And Just Like That … We’re Still Thinking About Che

Photo: Craig Blankenhorn/HBO

Welcome to the Cut’s recap series for And Just Like That …, from the brains behind the pop-culture museum THNK1994. Spoilers ahead.

Dear Samantha,

Simply everyone is talking about Che Diaz. They are, as Ramona Singer once said, a “cool water” moment. (U.N. translators have since confirmed that Singer meant “water cooler” moment, which, as Michael Patrick King pointed out in the And Just Like That … writers’ podcast, are almost impossible to make nowadays.) It is safe to say that Che Diaz has the potential to forever alter history.

That said, there have been reports that this will be the only season of And Just Like That …, which is something that is very dangerous for the stability of the United States. The fate of all of your friends rests in Che’s hands, Samantha — and of course, as always, your own, should you choose to return. This week’s episode was very sci-fi, by the way …

There are Hollowers and there are Saggers, and Carrie is the former. We learn this when Carrie goes to a his-and-his face-lift appointment with Anthony that he had booked before Stanford left for Tokyo. Carrie was wandering around her new sun-oppressed government-UFO-research-facility apartment trying to locate the source of a beeping noise when Anthony invited her along. It is furnished solely with her favorite sun hat, a yellow lamp she got from Conran’s in 1988, and a cast-iron pan she collected from her cavernous storage unit. (This is unconfirmed, but she seems to be a Cube Smart girl. Glamour.) At the appointment, Dr. Paul David (Jonathon Groff) tells Anthony that because of his Italian skin and good muscle tone, he is hot and only needs a bit of Botox. The doctor being loose with compliments prompts Carrie to ask for her own diagnosis. He says she is fabulous but then runs her face through a 3-D-imaging machine to show her how she would appear if she were to receive injectables, laser work, upper-eye surgery, and a full face- and neck-lift. Access to technology like this is not for everyone, and Carrie is left wondering if she wants to delete the last 15 years of her life off her face.

Miranda is also spending time in the past, although hers is a realm beyond space and time — i.e., a cloudy fantasy space in her head where she sees Che fingering her again. She has replaced drinking with masturbating furiously. Over a fosé park picnic they finally tell Charlotte about what happened in Carrie’s apartment post-surgery. It turns out Charlotte had her own sex dream about Che after the comedy concert (hers took place on a ferry), but she doesn’t take the news well. Charlotte yells that Miranda is not progressive enough for this. Miranda tries to storm away but her leg has fallen asleep, and Carrie pulls both the widow card and the “I miss Samantha” card to get her to stay. So even in your absence, Samantha, you are keeping your friends together.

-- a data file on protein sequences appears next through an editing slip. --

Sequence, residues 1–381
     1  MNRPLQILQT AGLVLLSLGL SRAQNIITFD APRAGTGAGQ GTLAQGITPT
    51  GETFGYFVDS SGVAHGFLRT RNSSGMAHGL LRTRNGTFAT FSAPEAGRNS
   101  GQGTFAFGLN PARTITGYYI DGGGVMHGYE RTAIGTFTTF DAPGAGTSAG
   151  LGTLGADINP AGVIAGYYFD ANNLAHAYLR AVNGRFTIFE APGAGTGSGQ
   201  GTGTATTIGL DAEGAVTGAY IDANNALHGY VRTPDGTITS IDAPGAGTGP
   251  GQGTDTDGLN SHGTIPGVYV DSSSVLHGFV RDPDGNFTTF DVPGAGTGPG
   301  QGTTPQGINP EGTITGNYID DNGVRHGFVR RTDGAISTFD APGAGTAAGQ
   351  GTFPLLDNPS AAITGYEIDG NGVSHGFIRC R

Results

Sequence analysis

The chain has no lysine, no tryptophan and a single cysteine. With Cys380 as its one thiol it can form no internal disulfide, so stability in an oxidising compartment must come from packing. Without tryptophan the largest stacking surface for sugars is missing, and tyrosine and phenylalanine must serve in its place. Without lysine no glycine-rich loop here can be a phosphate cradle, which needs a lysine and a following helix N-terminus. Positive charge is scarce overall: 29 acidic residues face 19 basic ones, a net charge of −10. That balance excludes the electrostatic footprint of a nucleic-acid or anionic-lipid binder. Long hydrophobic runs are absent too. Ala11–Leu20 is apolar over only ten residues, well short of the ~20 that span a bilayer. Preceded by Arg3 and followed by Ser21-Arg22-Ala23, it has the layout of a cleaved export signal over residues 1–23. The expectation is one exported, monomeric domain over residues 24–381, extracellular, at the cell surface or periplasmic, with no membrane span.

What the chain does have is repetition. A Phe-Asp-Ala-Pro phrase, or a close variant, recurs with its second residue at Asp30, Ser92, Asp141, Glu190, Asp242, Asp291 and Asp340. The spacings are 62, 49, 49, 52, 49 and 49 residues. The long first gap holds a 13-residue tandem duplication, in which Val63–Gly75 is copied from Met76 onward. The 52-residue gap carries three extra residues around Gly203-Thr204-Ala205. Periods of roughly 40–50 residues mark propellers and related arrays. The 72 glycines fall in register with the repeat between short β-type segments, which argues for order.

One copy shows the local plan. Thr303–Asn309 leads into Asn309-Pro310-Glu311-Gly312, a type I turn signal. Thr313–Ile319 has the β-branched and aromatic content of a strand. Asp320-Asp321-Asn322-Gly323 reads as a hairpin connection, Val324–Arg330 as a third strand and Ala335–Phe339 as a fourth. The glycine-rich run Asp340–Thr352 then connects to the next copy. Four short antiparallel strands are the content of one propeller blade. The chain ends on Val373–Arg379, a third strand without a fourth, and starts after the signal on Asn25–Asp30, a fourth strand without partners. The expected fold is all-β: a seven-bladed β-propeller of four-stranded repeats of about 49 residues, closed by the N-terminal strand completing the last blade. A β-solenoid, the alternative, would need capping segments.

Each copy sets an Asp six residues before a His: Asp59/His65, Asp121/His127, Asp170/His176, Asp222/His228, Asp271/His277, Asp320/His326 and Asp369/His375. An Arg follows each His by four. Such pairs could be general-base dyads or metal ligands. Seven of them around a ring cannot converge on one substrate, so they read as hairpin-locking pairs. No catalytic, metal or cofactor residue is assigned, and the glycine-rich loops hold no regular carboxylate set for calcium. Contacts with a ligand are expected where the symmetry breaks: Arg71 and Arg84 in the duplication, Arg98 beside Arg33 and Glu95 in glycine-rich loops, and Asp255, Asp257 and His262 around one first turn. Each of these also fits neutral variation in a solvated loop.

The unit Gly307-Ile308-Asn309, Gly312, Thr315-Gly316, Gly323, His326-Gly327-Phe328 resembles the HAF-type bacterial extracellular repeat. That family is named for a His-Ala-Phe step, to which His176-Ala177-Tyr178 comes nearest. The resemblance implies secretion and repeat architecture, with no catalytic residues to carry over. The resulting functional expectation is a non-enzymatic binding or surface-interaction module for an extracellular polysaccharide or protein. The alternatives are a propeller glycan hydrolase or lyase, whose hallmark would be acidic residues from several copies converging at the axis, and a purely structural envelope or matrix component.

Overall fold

With Che uploaded into her consciousness, Miranda constantly enters an erotic fugue state when thinking of them, even in class at Columbia University. Snapping her out of it, Nya invites her for a coffee to talk. Nya has ended her second round of IVF and while exhausted from teaching and partnering with three banks to fund a shelter in Fort Greene is forced to have dinner with her husband Andre’s (LeRoy McClain) best friend and his constantly pregnant wife. Like Charlotte back in the early 2000s, she doesn’t want to hear about other people having babies. Miranda suggests Nya just control the conversation, which she does by talking about men’s shoes from the 1900s.

Meanwhile, Charlotte feels like she’s lost in space trying to deal with the changes in her home when she starts her day with Rock telling her they want to get rid of the Madame Alexander doll collection (the same dolls Stanford’s season-three hookup, Marty Mendleson, collected, if you’re keeping track) on their mantel. Charlotte insists the dolls are vintage and that they belong to Lily, too. Lily informs her mom that actually they embarrass her —they are culturally insensitive in their little “traditional” outfits. Charlotte insists the dolls are from Spain and Thailand, so they’re allowed to wear the outfits, but Lily knows how to Google and informs her they are actually from New York.

Fellow New Yorker Carrie, while sari shopping with Seema, invites herself to Seema’s family celebration of Diwali, a “celebration of light triumphing over dark,” and asks if she’s allowed to wear a sari too. Seema tells her that would be cultural appreciation, not cultural appropriation, so Carrie picks out a two-piece. At the party Seema’s parents reveal they think Seema is dating a doctor without borders named Dennis, so Carrie has to play along. Going in on this lie cements her friendship with Seema, who gives Carrie a friendship bracelet while they chain-smoke in a Town Car.

In the end, the ladies come back down to Earth. Miranda, turned on by being in the proximity of the vibrations of her laundry machine, sends a DM to Che and brings the fantasy back into reality. Charlotte packs up her Madame Alexander dolls and lets Rock cut their hair and hang up a skateboarding poster. Carrie puts on one of Big’s blazers as she steps out of her old apartment, having decided she will continue to wear the last 15 years as a badge of honor. A bright, white light envelops her body, and the episode ends. There are only four left in this chapter, Samantha; are you feeling the energy? Are you seeing the same stars (Che) that we are?

And Just Like That … We’re Still Thinking About Che